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Can fish oil supplement hinder cancer treatment?

Dr. David Agus leads USC's Westside Cancer Center and joins "CBS This Morning" to discuss the new concerns
New questions about safety of popular fish oil supplement 02:30

Fish oil is among the top-selling nutritional supplements in the U.S. and has long been under the microscope regarding its effectiveness. Now a new study is raising questions about the oil's safety.

Researchers at the Netherlands Cancer Institute in Amsterdam found consuming particular fatty acids in fish could significantly impede the effects of chemotherapy, said CBS News medical contributor Dr. David Agus.

"So when there's never been shown a benefit to patients with cancer, of fish oil capsules, and there's a potential negative, patients right now should avoid it," Agus said Friday on "CBS This Morning."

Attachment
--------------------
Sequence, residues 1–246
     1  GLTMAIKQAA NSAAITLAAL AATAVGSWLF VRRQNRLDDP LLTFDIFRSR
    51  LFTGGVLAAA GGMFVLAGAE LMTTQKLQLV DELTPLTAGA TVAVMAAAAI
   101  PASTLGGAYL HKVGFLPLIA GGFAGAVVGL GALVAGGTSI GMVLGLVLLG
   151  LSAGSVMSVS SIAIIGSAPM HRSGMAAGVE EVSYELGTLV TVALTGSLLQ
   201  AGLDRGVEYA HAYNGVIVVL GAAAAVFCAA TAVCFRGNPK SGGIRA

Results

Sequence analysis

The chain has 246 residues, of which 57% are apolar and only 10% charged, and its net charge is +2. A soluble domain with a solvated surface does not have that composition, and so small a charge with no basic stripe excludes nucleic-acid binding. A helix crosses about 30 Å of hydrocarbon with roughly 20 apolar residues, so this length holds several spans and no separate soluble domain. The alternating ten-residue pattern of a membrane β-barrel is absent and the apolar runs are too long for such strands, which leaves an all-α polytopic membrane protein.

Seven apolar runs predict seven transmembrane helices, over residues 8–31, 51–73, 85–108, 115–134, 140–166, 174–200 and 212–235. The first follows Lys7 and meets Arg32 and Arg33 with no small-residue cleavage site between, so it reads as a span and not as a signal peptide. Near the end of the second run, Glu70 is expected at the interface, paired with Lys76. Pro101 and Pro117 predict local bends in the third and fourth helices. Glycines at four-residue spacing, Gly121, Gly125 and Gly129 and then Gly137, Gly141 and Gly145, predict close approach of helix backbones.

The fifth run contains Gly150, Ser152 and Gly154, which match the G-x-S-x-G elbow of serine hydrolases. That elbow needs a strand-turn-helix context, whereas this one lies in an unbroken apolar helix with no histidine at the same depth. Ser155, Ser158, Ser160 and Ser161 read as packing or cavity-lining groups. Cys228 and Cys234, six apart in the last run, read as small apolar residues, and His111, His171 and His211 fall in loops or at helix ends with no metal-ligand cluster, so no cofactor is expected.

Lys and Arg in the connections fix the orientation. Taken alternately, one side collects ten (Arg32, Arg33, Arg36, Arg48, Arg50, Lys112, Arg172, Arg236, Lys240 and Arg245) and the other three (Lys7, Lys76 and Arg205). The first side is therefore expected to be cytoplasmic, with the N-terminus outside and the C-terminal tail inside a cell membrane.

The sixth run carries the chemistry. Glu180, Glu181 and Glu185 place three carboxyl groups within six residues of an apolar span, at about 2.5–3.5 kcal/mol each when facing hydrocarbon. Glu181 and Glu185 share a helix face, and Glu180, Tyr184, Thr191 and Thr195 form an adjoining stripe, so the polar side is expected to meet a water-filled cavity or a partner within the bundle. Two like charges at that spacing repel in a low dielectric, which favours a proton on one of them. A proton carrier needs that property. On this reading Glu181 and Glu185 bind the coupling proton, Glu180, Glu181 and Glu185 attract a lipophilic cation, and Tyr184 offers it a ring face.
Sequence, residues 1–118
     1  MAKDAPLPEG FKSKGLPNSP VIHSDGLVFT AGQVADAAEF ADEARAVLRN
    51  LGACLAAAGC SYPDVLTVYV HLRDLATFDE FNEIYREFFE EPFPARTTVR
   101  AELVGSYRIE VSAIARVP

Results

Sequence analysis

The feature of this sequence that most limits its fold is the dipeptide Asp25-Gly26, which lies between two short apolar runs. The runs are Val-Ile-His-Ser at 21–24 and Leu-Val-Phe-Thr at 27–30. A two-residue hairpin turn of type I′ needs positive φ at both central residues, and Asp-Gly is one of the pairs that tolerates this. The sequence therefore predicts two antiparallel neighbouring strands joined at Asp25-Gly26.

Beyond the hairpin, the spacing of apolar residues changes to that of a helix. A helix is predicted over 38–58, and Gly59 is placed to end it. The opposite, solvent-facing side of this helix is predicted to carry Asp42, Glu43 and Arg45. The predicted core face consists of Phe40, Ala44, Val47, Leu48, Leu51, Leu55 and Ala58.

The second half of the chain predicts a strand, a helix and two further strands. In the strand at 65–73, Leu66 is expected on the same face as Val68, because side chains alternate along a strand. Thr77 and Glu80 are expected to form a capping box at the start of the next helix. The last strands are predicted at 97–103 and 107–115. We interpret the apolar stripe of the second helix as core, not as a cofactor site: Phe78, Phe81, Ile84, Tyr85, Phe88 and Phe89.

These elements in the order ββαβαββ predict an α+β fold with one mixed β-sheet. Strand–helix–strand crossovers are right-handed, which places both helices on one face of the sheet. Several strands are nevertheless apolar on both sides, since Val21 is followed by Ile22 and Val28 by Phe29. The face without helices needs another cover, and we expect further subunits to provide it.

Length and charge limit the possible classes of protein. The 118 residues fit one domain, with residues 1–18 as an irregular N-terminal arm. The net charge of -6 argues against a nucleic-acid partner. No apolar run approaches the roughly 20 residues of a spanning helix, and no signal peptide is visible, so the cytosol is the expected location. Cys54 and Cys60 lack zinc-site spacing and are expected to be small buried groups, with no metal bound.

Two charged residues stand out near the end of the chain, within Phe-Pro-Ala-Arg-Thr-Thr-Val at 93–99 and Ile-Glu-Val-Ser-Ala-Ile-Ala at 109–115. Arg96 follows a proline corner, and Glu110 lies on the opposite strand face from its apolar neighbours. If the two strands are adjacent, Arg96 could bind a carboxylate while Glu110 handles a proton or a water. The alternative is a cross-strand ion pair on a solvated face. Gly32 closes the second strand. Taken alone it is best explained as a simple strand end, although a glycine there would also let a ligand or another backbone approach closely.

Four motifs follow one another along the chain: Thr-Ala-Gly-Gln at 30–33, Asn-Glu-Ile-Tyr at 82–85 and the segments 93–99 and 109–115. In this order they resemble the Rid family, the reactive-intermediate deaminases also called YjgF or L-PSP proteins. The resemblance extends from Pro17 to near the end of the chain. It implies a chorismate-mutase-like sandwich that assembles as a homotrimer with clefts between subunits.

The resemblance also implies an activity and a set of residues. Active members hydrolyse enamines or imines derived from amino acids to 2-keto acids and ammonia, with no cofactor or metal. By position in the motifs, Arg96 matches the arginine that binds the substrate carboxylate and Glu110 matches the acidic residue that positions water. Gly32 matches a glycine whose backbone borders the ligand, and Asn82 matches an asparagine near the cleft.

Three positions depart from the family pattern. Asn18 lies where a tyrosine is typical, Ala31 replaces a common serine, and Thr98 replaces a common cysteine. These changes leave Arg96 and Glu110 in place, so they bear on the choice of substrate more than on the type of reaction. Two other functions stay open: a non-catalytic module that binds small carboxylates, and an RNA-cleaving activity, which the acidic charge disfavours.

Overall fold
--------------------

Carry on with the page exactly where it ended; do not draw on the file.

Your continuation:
Data from 118 cancer patients undergoing chemotherapy and 50 healthy volunteers were compared to results collected from an experiment performed on mice. Thirty-five cancer patients reported regularly taking fish oil supplements, and 13 used supplements containing omega-3 fatty acids.

Agus said the data revealed human patients could get the same fatty acid levels in their blood as the mice in the experiment. He said it would be unethical to repeat a similar experiment on human patients undergoing treatment for cancer, citing the potential to inhibit chemotherapy.

Fish oil supplements may also be dangerous for healthy patients. According to the National Institutes of Health, possible side effects when taking high doses can include, nausea, lowered immune response and, according to Agus, there has been a study that showed a potential increase in prostate cancer.

Representatives of the supplement industry insist fish oil capsules can be safe.

"Rigorous safety evaluations by government authorities have shown that 3-5 grams of omega-3 fatty acids daily is safe for adults," said Duffy MacKay, senior vice president of scientific and regulatory affairs for the Council for Responsible Nutrition.

Nevertheless, Agus still advises his patients against it.

"I want you to eat real food," he said. "I want you not to take fish oil capsules and avoid mackerel and herring, which have the highest amounts of this particular fatty acid."

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